This article deals with the resistances of the school map to political reforms, touching more generally upon the conditions of change and the elected members’ limits of voluntarism (national and local) in the lead of policy making. An analysis of the debates linked to the decentralization of 2004 and to the reform of 2007, as well as the study of the concrete elaboration of the map in three departments (from ethnographic observations, from interviews, and from archives) allow the reader to grasp the conditions of maintaining the division into sectors of secondary schools. The 2007 reform constituted a symbolic policy as paradoxically, government’s stated resources simply did not match its ambitions. Since 2004, the school map is the responsibility of the France’s General Councils, and those who attempt to change it are limited by technical constraints, by the natural inertia of the school map, and by the necessity to negotiate different institutional supports to legitimate their intervention. So the resistances of the school map underline the limitations faced by introducing political change in policy making.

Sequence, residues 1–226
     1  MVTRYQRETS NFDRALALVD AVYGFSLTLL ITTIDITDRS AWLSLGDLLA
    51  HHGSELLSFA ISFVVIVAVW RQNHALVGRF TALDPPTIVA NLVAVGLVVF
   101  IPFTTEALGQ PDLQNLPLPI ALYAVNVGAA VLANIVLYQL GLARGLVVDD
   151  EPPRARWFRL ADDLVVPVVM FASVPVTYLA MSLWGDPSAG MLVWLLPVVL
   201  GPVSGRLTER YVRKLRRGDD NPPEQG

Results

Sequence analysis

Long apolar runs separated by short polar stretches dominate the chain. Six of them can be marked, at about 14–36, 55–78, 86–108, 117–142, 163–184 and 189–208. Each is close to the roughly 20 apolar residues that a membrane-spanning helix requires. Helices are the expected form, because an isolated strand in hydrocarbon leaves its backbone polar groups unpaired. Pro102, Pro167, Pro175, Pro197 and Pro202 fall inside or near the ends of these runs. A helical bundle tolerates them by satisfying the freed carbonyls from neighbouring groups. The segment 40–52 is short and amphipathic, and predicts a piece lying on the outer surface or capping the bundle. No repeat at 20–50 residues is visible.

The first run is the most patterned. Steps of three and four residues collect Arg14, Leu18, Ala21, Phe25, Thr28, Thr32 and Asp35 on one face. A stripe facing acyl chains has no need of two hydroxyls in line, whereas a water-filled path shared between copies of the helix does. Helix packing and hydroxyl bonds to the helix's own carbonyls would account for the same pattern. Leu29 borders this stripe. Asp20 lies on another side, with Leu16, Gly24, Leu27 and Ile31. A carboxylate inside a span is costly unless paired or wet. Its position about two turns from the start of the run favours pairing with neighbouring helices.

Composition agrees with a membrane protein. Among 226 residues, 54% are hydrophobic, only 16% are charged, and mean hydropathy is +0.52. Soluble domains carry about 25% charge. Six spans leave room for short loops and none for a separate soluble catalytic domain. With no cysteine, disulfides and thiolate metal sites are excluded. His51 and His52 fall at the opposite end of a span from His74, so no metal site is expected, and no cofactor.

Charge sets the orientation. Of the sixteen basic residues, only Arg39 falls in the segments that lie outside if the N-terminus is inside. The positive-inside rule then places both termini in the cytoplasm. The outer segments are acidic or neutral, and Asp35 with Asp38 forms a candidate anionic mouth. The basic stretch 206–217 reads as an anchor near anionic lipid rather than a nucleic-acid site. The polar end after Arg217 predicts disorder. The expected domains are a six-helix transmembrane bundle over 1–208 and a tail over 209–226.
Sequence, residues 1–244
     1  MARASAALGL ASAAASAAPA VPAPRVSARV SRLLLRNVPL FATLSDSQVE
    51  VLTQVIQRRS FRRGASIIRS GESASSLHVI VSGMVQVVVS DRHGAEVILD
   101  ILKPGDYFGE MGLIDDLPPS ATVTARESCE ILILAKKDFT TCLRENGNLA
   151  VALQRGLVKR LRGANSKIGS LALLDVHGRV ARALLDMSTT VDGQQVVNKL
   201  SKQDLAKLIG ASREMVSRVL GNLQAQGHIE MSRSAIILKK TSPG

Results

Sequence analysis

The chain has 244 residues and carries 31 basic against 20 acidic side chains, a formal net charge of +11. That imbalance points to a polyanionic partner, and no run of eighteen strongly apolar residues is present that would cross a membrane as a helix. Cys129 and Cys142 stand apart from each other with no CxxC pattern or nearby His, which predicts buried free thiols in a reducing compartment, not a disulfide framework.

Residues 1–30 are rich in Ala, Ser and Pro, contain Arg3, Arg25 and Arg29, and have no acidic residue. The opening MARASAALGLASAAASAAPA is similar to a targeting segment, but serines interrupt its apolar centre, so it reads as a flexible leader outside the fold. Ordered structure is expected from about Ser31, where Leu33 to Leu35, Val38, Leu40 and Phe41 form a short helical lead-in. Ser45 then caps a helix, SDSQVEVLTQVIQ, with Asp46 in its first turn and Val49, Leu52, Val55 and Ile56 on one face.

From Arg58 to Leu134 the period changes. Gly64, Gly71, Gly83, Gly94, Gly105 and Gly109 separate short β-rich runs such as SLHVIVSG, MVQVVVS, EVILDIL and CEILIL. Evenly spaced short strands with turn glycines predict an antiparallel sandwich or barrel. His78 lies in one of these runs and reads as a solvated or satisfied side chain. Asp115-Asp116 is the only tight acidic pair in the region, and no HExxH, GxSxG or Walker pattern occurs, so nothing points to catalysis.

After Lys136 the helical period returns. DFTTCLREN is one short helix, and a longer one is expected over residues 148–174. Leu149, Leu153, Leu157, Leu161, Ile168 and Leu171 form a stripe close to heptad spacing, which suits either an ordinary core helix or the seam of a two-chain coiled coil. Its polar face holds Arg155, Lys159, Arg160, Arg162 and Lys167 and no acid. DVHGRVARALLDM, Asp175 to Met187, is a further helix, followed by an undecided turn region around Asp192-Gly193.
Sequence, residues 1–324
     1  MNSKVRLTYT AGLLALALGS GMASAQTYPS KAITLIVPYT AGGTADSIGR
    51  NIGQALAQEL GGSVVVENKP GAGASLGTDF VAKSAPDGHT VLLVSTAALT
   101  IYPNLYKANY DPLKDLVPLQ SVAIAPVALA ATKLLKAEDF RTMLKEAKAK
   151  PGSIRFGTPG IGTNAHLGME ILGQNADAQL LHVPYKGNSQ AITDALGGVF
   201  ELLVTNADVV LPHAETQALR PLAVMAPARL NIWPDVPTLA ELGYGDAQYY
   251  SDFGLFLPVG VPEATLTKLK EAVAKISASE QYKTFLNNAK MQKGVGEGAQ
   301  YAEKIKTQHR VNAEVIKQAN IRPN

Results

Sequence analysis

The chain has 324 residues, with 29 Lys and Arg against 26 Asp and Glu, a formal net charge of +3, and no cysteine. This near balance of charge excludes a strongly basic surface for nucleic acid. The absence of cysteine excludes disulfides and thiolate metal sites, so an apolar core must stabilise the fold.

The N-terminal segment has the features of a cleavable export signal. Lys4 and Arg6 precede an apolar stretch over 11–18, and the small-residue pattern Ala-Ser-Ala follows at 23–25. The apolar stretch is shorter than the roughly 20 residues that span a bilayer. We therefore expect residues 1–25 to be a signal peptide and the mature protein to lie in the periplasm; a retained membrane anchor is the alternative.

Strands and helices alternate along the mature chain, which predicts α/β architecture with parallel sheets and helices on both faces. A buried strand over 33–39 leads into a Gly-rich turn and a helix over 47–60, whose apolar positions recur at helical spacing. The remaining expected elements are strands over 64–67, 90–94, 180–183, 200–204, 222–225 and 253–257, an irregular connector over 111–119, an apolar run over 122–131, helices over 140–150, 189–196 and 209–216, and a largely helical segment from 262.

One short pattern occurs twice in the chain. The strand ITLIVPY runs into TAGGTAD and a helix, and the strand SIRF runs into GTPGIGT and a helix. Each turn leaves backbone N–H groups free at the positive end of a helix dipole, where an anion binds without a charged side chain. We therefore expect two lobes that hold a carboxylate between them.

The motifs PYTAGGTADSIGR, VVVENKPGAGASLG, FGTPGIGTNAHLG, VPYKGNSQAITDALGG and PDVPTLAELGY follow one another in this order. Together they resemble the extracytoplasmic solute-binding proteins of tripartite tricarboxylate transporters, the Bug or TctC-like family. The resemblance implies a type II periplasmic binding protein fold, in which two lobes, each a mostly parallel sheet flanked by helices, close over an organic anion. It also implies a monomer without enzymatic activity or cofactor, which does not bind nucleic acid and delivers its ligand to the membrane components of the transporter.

By Lorenzo Barrault-Stella